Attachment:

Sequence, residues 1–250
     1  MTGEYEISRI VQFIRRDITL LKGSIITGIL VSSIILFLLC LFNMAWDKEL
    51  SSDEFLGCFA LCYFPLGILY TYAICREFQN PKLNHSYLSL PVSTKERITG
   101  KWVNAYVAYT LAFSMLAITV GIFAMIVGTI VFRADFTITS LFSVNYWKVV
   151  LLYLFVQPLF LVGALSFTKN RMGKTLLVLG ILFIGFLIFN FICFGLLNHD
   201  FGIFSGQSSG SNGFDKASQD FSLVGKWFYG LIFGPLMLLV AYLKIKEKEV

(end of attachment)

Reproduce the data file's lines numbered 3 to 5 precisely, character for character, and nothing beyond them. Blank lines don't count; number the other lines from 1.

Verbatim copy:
    51  SSDEFLGCFA LCYFPLGILY TYAICREFQN PKLNHSYLSL PVSTKERITG
   101  KWVNAYVAYT LAFSMLAITV GIFAMIVGTI VFRADFTITS LFSVNYWKVV
   151  LLYLFVQPLF LVGALSFTKN RMGKTLLVLG ILFIGFLIFN FICFGLLNHD